|Websites for Professionals
Take control of your online presence
with your own professional website!
Have you ever watched people simply stand and stare at the sea for hours? I often wonder where their minds have wandered, their eyes mesmerized with the rolling movement, their bodies warmed by the sun and their skin cooled by the soft ocean breezes. To my surprise, events of the past few months seem to be revealing an answer to this musing.
For the past twenty years I have worked as a management consultant, supporting executives advancing in the corporate culture. A few years ago I learned that part of what I have been doing is now called ‘coaching’, based on the obvious sports analogy.
Personally, I wish there were a better word for that private interaction to support one individual’s growth or to guide a group to engage in a revealing team experience. We are meeting at the point in someone’s life when they are experiencing a unique transition. Facing major decisions, this life juncture forces changes that question and challenge basic perceptions, arousing deep emotions and selfdoubt. It is a time of personal development, as our growth thrives on success and loss, dreams and foundations, desires and compromises—with a few surprises in the mix.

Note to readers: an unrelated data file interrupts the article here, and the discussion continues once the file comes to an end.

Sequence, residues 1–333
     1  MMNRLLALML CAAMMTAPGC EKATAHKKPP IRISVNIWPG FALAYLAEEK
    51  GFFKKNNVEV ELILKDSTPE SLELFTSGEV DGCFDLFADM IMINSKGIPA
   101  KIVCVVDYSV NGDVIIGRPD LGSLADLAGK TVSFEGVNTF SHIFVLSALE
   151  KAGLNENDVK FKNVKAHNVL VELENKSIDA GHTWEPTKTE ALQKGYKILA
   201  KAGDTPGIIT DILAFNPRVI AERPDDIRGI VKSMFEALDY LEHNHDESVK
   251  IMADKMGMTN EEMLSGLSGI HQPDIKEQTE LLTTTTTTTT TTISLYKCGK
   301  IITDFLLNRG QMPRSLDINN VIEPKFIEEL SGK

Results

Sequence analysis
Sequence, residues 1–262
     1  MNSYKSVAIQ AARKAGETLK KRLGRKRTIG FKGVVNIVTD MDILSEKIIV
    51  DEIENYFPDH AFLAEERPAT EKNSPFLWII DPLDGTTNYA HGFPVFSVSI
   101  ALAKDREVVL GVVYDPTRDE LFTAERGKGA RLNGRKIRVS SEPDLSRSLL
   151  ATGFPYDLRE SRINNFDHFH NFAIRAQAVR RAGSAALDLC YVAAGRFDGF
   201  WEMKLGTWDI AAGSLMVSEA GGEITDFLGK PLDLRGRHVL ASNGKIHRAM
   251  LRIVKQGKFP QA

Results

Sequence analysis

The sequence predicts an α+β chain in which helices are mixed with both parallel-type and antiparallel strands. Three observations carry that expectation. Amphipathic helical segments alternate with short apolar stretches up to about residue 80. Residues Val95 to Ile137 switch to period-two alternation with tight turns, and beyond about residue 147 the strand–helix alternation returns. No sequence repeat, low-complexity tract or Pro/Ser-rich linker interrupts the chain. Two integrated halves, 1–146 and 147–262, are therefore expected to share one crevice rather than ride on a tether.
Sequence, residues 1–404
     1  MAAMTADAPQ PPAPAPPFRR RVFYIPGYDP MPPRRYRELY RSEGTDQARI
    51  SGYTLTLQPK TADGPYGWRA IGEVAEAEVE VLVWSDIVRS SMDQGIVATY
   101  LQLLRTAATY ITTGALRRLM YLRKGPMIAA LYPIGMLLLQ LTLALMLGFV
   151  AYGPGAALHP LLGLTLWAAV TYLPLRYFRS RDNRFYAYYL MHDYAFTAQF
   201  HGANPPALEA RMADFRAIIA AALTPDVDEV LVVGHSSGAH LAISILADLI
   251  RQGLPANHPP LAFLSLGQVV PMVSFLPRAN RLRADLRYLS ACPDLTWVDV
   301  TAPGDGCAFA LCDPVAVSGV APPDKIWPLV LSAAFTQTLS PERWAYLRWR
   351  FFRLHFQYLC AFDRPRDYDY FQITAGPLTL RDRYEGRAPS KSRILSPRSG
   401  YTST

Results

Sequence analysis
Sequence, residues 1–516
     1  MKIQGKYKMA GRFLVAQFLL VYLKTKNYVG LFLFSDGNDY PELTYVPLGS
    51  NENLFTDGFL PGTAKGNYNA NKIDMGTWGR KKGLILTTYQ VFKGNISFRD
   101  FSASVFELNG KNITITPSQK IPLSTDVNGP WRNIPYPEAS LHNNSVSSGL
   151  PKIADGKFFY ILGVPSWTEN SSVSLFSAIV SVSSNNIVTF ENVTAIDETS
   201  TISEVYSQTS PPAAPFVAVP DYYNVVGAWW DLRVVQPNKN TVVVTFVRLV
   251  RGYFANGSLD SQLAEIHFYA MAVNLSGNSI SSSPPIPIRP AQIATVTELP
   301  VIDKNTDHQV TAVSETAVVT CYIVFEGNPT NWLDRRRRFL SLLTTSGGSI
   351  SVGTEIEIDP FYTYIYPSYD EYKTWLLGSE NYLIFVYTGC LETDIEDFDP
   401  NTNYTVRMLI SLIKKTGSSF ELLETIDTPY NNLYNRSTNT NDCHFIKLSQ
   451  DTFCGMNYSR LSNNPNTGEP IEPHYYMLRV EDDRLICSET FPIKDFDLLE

When you are at a transition point in your life, do you seek the familiarity of your current surroundings, or would it be useful for you to reach out to tap resources and experiences from your own past as well? More importantly, how do you sort through the turmoil that accompanies change to discover your own revelations?
By the Sea
Last summer I relocated to a small beach community, a comfortable walking distance to the beach, fabulous restaurants, the library, post office and Main Street stores—all I need to walk, work and enjoy life. What has truly startled me is that many of my clients no longer ask that I meet with them at their office or a local restaurant. The request is to allow them to make the one hour or so ride to visit me at the sea!
The first time a distinguished company CEO suggested making the trip, I admit to being caught a bit off guard. A reserved and focused individual who preferred three piece suits and never missed a day of work, he arrived as if he were going to the golf course to cover a few links. When I commented on his attire he explained that he does not have the time for golf. I learned that his joy is researching historical war skirmishes at sea during the colonial period. Perhaps he was aware of my insecurity in the new routine we were to employ when he quoted an old proverb to me: